Interactive text adventures with Twine

In this project, we’ll make an interactive text adventure, using the online editor, Twine.

Many of the earliest computer games were text adventures. Because they only used text, and no graphics, they could run on even the simplest computers.

These days, we can use free editors like Twine to generate point-and-click text adventures that run just like webpages.

Write your first Twine game 30 minutes

Now you’ve seen some inspiration, it’s time to make a game of your own.


(If it shows you a “Tell me more” introductory message, you can skip it.)

Create a new story using the green “+ Story” button on the right.

Name your story “Bang”.

Twine will show you the story map of your game.

  • At the bottom left is your story menu, where you can edit advanced settings about your game.
  • At the bottom right is a toolbar that lets you change your zoom level, test your game out, and create new passages with the “+ Passage” button.
  • In the centre is a single “Untitled Passage”.

“Passage” is a word we don’t use very often these days, but it means a “part” of a larger book (sometimes you might have heard people talking about a “passage of text”).

In this case, you can imagine these “passages” like pages, or rooms. Your game is going to lead players through these interlinked pages or rooms, to discover more of the story, and to reach the ending – or endings!

Double-click the Untitled Passage to edit it.

Creating your first passage

The edit screen lets you give your passage a “title” (which isn’t visible to players, and is how you’ll refer to this passage when you create links to it) and a “body” (which is what will appear on the player’s screen).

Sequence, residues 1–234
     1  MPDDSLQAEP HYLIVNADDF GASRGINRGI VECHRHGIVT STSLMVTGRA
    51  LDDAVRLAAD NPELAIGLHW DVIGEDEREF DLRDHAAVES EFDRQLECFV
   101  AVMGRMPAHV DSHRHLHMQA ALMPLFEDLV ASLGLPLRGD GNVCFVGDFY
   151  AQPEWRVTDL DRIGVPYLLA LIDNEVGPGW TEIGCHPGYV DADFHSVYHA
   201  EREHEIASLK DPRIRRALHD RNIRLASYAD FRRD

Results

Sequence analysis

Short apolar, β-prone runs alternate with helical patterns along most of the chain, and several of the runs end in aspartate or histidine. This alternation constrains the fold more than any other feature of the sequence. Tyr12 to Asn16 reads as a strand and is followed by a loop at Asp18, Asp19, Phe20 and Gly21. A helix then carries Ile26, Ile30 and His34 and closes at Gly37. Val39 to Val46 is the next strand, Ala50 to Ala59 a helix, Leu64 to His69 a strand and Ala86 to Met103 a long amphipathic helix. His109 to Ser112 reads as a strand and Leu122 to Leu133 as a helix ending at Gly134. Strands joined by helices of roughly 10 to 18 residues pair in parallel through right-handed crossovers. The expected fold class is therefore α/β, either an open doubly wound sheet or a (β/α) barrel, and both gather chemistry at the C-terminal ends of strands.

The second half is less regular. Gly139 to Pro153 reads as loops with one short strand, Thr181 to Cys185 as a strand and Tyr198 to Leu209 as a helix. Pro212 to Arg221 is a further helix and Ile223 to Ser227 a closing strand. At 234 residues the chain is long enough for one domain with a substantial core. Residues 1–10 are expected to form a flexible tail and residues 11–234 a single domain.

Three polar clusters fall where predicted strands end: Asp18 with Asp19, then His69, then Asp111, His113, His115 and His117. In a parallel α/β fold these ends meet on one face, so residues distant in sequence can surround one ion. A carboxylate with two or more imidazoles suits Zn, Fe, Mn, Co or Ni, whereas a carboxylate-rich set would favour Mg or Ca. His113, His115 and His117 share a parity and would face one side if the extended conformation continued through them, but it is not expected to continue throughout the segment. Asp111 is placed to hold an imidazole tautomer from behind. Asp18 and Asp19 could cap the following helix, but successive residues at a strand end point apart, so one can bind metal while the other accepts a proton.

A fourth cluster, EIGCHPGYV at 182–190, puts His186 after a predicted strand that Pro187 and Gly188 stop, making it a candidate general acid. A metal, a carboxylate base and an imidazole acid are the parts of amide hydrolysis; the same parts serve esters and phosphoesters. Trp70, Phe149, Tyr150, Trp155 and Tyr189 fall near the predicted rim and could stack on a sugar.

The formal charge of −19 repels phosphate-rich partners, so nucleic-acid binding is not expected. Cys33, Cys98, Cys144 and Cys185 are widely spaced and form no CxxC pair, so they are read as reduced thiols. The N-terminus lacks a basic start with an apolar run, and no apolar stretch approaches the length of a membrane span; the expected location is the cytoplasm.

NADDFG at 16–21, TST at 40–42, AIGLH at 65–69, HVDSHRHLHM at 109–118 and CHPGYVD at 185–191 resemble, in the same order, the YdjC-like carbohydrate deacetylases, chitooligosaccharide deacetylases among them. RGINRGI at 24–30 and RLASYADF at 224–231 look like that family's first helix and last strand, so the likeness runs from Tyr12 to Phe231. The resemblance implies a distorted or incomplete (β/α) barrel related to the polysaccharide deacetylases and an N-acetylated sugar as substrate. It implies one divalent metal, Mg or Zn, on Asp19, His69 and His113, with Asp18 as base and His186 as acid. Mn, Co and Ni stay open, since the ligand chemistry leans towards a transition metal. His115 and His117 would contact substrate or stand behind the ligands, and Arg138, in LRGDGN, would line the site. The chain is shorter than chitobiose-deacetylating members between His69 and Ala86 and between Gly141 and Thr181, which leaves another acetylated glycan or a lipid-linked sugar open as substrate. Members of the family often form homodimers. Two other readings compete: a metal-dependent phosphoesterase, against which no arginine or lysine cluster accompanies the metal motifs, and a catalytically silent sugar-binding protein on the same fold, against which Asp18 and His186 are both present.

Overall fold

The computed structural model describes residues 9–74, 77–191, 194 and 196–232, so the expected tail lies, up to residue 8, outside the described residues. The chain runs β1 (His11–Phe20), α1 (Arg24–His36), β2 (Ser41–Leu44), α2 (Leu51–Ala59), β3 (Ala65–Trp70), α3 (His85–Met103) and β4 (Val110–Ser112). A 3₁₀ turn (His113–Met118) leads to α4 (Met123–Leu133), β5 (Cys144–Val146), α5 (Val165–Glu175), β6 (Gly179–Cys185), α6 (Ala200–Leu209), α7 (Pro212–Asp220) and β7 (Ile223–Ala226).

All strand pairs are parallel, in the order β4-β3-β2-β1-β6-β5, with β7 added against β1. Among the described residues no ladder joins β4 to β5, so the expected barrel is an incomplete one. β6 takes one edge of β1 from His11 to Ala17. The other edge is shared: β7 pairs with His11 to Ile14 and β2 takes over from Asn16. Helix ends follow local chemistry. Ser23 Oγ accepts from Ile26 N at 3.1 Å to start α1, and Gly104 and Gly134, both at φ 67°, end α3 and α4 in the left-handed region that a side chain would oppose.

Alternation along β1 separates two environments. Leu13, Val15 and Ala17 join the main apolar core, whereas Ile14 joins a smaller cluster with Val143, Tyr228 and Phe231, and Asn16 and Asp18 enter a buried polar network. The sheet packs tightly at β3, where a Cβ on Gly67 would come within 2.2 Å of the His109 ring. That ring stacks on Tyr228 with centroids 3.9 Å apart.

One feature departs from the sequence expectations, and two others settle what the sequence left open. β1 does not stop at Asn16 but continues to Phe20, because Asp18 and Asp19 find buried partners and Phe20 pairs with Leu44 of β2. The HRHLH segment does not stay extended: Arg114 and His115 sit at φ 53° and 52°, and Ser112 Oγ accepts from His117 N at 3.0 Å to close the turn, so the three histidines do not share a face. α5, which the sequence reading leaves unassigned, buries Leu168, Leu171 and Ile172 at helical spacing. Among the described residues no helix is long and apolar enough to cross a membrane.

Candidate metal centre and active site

For now, let’s create a passage with the following details:

You are woken up by a bang.
Your room is dark, but bright sunlight filters through the curtains.

Press the cross in the top corner of the edit screen, or the Esc button on your keyboard, to get back to the story map.

Try out your game! Press the “Play” button in the bottom right corner of the map view.

Your game will open in a new window. But there’s not much to do, because it only contains a single passage.

Adding a second passage

Switch back to your map view, and use the green “+ Passage” button to create a new passage. Then double-click the Untitled Passage to edit it.

Fill in the following details:

The phone screen lights up as you lift it.
The time reads: 10:13
[[Put phone down->Woken]]

The last line here creates a link back to the passage titled “Woken” (our first passage), and the text displayed in the link will be “Put phone down”.

Get back to the story map, and double-click the “Woken” passage to edit it.

Update the passage content so it looks like this: